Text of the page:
If you believed in the MVP candidacy of Mike Trout over Miguel Cabrera, then the day since the announcement has likely been a frustrating one.
Obviously there was the vote itself, in which 22 of 28 members of the Baseball Writers’ Association of America said that Cabrera was the more “valuable” player in 2012 — the other six did indeed vote for Trout. But beyond the outcome, it’s been the response of those that were always vehemently pro-Cabrera that has been so frustrating.
Mostly, it’s the fact that the anti-metrics crowd has continued to repeat the same old anti-sabermetric platitudes that’s been most annoying. It’s not that the pro-Cabrera crowd disagrees with the SABR people, it’s that they still just don’t get it, and are basically refusing to accept the undeniable truth of some basic principles.
However, it’s also frustrating that the BBWAA obviously hasn’t caught up to the how the sport of baseball actually thinks and operates. GMs, at this point, simply look beyond the basic total stats to figure how valuable a player is, not just sheer totals like home runs and RBIs. The decisions of the top level of baseball are premised far more on metrics and projections, nowadays, than the old-guard stats.
So, this seemed as good a time as any to run through some of the oft-repeated anti-Trout and anti-sabermetrics arguments, and reply to them — for one final time regarding this MVP debate — in kind.
1. Miguel Cabrera deserves the MVP because the Tigers made the playoffs and the Angels didn’t.
There are two things basically wrong with this premise. The first is obvious: the Angels actually won more games than the Tigers did, but the AL West is just a tougher division. In short, the Angels were the better team over the course of a 162-game season, and beyond that actually played better competition by virtue of the fact two playoff teams played in the AL West, whereas the Tigers were the sole representative of the AL Central. Why is the anti-SABR crowd kidding themselves into thinking Detroit was a better team than Los Angeles in 2012?
However, that point should be irrelevant, anyway. Baseball is a team game, played by 25 players on the active roster and countless more who will play some sort of role throughout the season as injuries and other roster moves come into play. The fact that one player should be held accountable for his teammates’ play in regards to an individual reward is just prehistoric thinking at this point.
2. Miguel Cabrera drove in 139 runs compared to Trout’s 83. Therefore, he was responsible for more scoring.
Once again, there are at least two things wrong with this line of thinking. The first is that somehow RBIs are a bigger piece of the puzzle in terms of how runs are scored than getting on base or scoring runs. They’re not.
Scoring a run is a function of any number of factors, not just who drives the runner in. And, the plain fact of the matter is that Trout, not even factoring defense into the equation, was responsible for more scoring than Cabrera was due to his on-base skills and baserunning. In fact, the optimal lineup — according to research — should feature a team’s best hitter in the No. 1 or No. 2 slots, just for that reason: the guy who scored the run plays a bigger role in that score than the guy who drives him in.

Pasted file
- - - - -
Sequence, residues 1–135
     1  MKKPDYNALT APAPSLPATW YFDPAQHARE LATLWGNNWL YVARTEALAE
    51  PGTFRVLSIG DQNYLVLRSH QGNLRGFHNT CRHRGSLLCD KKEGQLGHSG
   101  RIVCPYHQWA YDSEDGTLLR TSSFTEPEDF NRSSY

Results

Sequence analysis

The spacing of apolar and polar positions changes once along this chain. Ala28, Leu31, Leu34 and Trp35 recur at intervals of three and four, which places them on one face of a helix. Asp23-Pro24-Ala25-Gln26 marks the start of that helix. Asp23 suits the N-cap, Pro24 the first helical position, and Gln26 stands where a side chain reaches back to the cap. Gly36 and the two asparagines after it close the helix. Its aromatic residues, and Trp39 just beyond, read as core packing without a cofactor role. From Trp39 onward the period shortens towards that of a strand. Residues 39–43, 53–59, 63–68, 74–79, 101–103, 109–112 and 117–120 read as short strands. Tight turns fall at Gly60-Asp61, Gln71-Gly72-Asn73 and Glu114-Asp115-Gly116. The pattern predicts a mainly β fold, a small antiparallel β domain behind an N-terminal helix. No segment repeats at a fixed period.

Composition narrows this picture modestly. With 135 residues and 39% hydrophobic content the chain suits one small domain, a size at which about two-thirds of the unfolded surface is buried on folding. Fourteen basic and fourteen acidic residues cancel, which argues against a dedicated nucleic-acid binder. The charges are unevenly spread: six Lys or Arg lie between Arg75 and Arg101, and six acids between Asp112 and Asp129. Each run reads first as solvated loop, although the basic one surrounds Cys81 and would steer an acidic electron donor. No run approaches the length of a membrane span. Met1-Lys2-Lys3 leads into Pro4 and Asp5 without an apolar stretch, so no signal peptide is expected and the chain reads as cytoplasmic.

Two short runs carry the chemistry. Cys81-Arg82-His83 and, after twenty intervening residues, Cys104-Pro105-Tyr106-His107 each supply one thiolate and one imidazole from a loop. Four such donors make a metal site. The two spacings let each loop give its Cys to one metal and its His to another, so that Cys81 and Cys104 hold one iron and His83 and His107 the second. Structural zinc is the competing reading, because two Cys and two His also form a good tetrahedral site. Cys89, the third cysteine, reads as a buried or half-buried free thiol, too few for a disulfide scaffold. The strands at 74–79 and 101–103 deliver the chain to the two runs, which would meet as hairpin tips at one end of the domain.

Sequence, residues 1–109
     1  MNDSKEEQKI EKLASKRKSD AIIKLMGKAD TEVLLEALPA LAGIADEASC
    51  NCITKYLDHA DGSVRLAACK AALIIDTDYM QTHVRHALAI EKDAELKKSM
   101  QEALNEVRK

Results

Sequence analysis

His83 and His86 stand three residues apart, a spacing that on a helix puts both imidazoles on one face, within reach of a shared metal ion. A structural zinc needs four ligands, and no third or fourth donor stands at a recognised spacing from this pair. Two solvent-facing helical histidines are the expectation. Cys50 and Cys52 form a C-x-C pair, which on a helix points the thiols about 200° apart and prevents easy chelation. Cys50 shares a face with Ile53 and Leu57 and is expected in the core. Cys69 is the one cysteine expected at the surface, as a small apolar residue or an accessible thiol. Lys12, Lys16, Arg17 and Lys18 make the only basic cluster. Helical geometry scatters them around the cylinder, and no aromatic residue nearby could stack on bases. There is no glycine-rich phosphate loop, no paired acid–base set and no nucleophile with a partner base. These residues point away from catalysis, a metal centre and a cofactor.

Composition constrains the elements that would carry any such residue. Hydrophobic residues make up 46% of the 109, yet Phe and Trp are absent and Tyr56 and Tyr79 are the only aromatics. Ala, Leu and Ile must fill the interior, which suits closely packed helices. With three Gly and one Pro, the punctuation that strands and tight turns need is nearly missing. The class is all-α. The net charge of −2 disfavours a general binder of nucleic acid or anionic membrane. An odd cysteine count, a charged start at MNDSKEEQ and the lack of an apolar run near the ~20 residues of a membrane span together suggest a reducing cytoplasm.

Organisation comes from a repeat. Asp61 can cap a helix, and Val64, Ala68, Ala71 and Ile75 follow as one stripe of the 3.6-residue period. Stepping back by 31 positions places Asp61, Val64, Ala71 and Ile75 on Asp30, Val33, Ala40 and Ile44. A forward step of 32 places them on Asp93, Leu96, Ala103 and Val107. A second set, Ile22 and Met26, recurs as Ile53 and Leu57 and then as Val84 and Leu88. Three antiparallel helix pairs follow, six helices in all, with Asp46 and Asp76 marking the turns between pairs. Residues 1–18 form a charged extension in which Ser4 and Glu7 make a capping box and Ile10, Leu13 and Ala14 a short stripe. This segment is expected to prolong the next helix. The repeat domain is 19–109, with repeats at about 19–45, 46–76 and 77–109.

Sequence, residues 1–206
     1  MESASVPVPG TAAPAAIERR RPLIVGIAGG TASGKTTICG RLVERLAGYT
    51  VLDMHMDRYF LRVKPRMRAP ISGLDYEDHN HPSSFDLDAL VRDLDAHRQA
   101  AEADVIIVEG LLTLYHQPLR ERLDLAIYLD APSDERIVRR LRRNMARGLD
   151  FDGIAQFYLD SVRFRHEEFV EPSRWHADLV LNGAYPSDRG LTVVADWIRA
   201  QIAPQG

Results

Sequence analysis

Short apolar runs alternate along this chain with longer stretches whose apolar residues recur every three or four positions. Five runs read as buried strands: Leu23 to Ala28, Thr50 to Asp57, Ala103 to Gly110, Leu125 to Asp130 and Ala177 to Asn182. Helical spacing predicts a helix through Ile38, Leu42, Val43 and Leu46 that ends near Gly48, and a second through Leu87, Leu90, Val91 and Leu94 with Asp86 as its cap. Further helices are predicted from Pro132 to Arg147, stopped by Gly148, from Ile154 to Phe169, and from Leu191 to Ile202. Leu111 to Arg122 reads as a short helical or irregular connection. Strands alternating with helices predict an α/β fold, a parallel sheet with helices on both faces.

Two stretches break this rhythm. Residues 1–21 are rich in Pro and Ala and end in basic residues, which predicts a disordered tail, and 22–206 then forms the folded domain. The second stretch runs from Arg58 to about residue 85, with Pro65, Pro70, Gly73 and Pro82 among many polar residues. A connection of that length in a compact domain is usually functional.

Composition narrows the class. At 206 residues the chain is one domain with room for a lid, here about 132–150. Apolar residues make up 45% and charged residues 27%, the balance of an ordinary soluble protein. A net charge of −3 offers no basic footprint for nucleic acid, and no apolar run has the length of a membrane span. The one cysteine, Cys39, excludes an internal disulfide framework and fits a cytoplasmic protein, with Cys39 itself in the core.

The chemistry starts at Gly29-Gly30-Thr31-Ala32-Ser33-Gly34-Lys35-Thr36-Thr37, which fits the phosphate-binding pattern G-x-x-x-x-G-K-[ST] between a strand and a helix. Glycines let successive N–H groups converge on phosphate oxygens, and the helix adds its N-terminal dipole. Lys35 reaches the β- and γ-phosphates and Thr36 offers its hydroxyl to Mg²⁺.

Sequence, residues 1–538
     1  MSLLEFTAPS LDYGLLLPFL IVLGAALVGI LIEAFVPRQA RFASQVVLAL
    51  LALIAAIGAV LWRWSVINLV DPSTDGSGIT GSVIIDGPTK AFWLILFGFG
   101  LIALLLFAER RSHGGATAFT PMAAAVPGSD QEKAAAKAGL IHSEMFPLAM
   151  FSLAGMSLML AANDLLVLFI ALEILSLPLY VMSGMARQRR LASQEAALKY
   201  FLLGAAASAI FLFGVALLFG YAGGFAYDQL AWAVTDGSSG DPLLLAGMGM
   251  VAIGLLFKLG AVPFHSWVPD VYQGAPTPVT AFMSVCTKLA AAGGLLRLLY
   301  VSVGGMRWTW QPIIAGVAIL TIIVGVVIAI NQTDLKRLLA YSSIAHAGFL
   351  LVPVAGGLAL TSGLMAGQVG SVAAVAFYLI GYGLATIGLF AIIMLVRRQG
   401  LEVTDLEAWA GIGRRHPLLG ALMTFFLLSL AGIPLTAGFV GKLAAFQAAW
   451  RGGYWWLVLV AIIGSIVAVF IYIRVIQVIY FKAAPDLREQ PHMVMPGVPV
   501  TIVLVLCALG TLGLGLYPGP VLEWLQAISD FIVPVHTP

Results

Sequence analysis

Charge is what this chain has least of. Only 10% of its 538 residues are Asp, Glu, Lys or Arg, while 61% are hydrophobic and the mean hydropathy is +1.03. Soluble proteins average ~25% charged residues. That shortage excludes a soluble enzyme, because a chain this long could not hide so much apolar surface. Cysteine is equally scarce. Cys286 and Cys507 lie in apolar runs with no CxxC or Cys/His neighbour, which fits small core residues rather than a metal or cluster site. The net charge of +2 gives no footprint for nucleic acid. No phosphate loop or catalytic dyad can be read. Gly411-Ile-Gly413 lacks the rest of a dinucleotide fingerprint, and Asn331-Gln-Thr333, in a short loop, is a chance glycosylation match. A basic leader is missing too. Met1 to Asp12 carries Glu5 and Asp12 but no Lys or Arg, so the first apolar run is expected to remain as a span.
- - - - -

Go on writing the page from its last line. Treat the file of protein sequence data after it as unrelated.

The second point here is simpler: if Trout batted third or fourth he would have had more RBIs. RBIs are largely a construct of context and how good the hitters in front of you are, not always how good a hitter one is.
3. Cabrera deserves credit for selflessly moving to third base.
To this the response can only be: why? No doubt Cabrera’s move was selfless and for the good of the team, but that’s a factor that has nothing to do with performance. The plain truth is that Cabrera is a far-below-average defender at whichever corner infield position he plays, and is hurting his team every time he steps out onto the field with a glove on his hand.
Trout, meanwhile, is one of the best defenders in baseball at one of its most premium defensive positions. We can debate to what degree defense should come into play in the MVP or how defense is valued, but let’s not give credit to Cabrera for inadequately playing his position.
4. The Triple Crown carries a special significance in terms of award voting.
This is really at the crux of the new school versus old school debate — and what’s likewise so frustrating for those who those who are trying to impart the wisdom of mathematical analytics. No doubt, the Triple Crown is an impressive achievement which, on some level, does prove Cabrera was a very valuable hitter.
However, the problem continues to be that, taken alone, they are numbers without context. What we’ve found out in the modern era is that, in terms of scoring runs, batting average is not as important as on base percentage, and RBIs (as stated before) are a construct of factors that are beyond control of the hitter.
That all being said, in most seasons, a Triple Crown winner would probably pass MVP muster by the SABR crowd. However, when compared to what Trout accomplished this season, it just isn’t as impressive.
In short, Trout generated more offense, and he was the better baserunner and fielder. Trout should have won the MVP award, and the BBWAA voters got it wrong.
Photo via Flickr/Keith Allison